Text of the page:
To The
Carroll County Biographies


From the Goodly Heritage

One of Milledgeville's most progressive businesses recently passed the three-fourth century mark. Started on Sept. 1st of 1886 by A. B. Puterbaugh was the original business known today as Gene Litwiller and Son.

Mr. Puterbaugh, grandfather and great grandfather to Gene and Lester Litwiller respectively, the present owners, came from Lanark to establish a grain and livestock buying business. The office was located in the same area it still occupies. The area surrounding the office was filled with livestock pens and corrals. In that day everyone drove his livestock on the hoof to town to sell. Puterbaugh shipped the first carload of livestock on the C. B. & Q. Railroad to Chicago. The railroad had come to Milledgeville in 1885 just a year before. After he shipped his first load of grain (also the first one shipped) railroad officials proposed that he build a grain elevator. If he would build on their right-of-way the railroad would haul in the lumber free. Mr. Puterbaugh went to La Crosse, Wis. and purchased lumber for his new elevator and the railroad delivered it as agreed to a siding where the elevator was built and still stands.

At this time grain was hauled with teams and wagons. Unloading was done by hand with the help of a horse on a horsepower sweep to elevate the grain into the bins. A blind horse was used for this job but in a few years the horse was replaced by a gasoline engine. It was a common sight to see loaded wagons lined up for two blocks south and a block or two East and West waiting to unload grain some chilly morning when the engine wouldn't start. In 1919 when electricity came to Milledgeville two large 24 x 24 foot storage bins were built in the place formerly occupied by the horse and engine.

The founder of the business owned land and was always interested and had first hand knowledge of agriculture in the community. In 1902, Puterbaugh purchased his third farm, known as Elkhorn farm, and a parcel of land from this farm was used by the village when it put in the first sewage disposal system in l9l9; another parcel was taken for the new plant in 1960. The old mill owned by Adam Knox and torn down in 1908 was also on Elkhorn farm.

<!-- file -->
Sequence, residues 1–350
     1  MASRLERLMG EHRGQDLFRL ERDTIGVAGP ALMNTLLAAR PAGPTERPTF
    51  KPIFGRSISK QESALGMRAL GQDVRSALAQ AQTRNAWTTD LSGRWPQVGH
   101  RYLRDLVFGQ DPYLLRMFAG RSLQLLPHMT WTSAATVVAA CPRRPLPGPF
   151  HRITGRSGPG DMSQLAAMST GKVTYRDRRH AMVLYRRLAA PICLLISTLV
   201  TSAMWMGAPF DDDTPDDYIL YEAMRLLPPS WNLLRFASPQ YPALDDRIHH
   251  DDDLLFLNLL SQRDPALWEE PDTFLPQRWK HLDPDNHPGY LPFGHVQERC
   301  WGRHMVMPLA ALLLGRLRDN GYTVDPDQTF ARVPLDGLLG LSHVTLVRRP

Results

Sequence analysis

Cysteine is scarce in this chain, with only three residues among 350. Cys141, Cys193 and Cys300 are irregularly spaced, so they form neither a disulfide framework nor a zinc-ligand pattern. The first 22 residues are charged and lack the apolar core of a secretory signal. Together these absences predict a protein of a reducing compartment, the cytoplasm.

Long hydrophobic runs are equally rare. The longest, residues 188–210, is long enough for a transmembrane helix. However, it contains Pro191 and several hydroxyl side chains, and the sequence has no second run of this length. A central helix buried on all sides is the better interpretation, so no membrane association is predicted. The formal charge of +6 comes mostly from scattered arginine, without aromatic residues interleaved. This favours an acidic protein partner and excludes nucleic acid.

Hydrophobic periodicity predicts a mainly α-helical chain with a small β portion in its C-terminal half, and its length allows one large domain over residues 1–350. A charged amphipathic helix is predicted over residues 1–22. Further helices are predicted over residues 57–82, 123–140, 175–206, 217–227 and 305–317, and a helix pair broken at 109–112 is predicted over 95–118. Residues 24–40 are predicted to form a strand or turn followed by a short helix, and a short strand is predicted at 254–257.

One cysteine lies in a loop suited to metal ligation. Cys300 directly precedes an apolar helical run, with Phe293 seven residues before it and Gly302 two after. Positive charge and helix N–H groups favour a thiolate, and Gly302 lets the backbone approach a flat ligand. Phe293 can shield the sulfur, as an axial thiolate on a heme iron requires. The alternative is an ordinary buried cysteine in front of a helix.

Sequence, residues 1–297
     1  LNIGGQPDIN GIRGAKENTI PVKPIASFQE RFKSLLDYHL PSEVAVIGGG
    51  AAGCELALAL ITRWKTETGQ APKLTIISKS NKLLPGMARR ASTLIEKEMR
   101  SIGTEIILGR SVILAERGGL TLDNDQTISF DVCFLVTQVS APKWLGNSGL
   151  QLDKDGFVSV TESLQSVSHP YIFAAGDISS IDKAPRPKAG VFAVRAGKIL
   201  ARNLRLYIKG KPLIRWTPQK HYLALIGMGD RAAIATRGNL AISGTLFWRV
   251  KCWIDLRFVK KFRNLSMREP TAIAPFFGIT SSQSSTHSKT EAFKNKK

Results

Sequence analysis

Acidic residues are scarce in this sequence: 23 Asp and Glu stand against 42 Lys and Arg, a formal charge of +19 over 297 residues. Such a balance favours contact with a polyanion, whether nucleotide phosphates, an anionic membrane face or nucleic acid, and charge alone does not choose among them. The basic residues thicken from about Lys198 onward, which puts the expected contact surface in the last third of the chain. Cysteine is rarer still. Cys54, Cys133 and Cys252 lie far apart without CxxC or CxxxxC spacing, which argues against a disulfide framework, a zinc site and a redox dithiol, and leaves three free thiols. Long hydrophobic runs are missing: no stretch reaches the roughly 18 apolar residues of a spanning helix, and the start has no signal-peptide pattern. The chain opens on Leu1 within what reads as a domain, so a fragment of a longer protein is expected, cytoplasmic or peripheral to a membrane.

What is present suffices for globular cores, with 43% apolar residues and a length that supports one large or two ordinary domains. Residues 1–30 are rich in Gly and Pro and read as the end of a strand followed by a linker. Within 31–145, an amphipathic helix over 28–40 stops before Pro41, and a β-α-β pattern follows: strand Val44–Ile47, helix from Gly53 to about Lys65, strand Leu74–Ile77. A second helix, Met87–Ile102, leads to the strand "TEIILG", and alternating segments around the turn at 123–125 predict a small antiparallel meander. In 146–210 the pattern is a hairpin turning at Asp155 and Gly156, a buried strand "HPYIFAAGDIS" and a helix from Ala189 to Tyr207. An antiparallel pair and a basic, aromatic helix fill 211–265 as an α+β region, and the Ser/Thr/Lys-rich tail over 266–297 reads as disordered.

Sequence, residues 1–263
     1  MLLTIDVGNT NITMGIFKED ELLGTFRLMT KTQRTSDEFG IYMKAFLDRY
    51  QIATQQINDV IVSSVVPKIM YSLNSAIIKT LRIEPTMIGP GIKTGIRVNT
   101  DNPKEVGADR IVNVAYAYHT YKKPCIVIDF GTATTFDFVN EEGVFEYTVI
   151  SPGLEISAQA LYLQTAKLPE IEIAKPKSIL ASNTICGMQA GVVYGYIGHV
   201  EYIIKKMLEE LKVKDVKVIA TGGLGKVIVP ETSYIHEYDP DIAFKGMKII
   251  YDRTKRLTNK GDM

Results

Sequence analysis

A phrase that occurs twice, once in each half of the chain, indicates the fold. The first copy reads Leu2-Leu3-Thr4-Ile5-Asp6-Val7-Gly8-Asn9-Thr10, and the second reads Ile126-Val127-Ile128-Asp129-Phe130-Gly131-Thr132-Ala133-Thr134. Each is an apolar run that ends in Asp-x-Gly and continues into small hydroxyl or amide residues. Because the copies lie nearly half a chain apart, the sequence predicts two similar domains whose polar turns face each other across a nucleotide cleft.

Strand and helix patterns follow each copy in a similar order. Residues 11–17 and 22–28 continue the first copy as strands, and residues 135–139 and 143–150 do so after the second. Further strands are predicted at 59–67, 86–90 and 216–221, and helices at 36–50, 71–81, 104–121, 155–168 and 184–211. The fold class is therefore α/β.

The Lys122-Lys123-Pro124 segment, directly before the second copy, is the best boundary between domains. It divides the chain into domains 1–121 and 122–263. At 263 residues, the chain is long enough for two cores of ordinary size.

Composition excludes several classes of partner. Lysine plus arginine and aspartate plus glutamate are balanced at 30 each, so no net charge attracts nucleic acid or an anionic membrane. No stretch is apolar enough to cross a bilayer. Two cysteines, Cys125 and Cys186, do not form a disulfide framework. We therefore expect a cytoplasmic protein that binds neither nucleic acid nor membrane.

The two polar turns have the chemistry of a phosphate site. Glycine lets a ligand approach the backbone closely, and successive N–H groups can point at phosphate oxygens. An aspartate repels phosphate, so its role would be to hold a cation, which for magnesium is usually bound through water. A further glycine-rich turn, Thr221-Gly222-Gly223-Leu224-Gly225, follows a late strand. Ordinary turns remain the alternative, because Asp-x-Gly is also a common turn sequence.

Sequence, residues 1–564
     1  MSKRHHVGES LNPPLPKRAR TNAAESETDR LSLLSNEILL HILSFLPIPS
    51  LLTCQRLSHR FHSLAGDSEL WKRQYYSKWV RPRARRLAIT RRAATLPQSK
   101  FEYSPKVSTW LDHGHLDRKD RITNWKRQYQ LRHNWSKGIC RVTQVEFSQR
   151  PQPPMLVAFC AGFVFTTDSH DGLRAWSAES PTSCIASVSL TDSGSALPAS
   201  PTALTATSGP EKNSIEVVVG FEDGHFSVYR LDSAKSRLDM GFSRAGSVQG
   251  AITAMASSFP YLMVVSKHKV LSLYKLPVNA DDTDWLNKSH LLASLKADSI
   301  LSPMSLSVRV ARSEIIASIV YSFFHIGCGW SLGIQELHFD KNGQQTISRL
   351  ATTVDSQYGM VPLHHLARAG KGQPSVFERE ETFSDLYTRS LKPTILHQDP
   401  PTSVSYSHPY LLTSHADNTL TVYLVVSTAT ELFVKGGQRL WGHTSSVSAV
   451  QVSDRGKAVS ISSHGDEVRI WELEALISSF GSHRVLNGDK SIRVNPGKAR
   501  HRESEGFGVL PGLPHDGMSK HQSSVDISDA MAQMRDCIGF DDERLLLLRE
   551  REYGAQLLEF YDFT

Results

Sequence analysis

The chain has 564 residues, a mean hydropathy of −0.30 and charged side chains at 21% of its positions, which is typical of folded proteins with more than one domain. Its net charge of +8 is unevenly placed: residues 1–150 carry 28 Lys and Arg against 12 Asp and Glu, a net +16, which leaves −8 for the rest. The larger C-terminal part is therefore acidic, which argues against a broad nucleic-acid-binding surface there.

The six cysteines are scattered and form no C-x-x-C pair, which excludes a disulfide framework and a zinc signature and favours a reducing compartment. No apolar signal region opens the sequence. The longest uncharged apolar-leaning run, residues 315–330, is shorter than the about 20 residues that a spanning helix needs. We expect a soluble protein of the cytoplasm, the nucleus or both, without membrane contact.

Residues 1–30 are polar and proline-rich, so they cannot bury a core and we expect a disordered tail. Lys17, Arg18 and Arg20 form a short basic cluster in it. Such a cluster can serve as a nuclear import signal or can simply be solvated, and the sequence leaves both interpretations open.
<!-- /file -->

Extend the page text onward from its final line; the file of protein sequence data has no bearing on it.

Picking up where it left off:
Mr. Puterbaugh's success in breeding Percheron horses including his grand championship two year old mare at the 1902 International Livestock Exposition, Chicago is covered in the chapter on agriculture.

During the years 1911 through 1921, Harry Puterbaugh operated an automobile dealership for Overland cars. After Harry sold his car business the building was rented to Wm. Ewers for a garage and gas station and later to Arthur & Jake Hart.

In January, 1921 Ruth Puterbaugh and Wm. Litwiller were married and came to Milledgeville to operate one of the Puterbaugh farms. In 1927 they moved from the farm to their newly constructed home where they still reside. At this time Bill Litwiller went to work for Mt. Puterbaugh at the elevator. In 1931 he purchased a half interest in the business and went into partnership with his father-in-law when the business became the A. B. Puterbaugh Grain Co.

In 1932 the business was expanded by purchasing the lumber yard across the street and in 1940 Wm. Litwiller purchased the other half of the partnership from the Puterbaugh heirs when the name was changed to W. A. Litwiller Lumber and Grain Co.

In 1947 Mr. and Mrs. Gene Litwiller while residing on the Elkhorn farm, mentioned previously, built their new home on two lots adjacent to the old Mill race property where now is the Rocky Gulch Pony farm. In 1949 Gene came to work for his father at the elevator. The mill was remodeled using the latest in custom feed milling equipment for farmers in the Milledgevillee area, Oat and seed cleaning and treating equipment was installed recently and farmers from a wide area are using these modern facilities. In 1963 alone enough oats were cleaned and treated to sow some 10,000 acres. Today the elevator business launched by Mr. Puterbaugh in 1886 is the oldest family business still operating in Milledgeville

Back home

Illinois - "Our Way"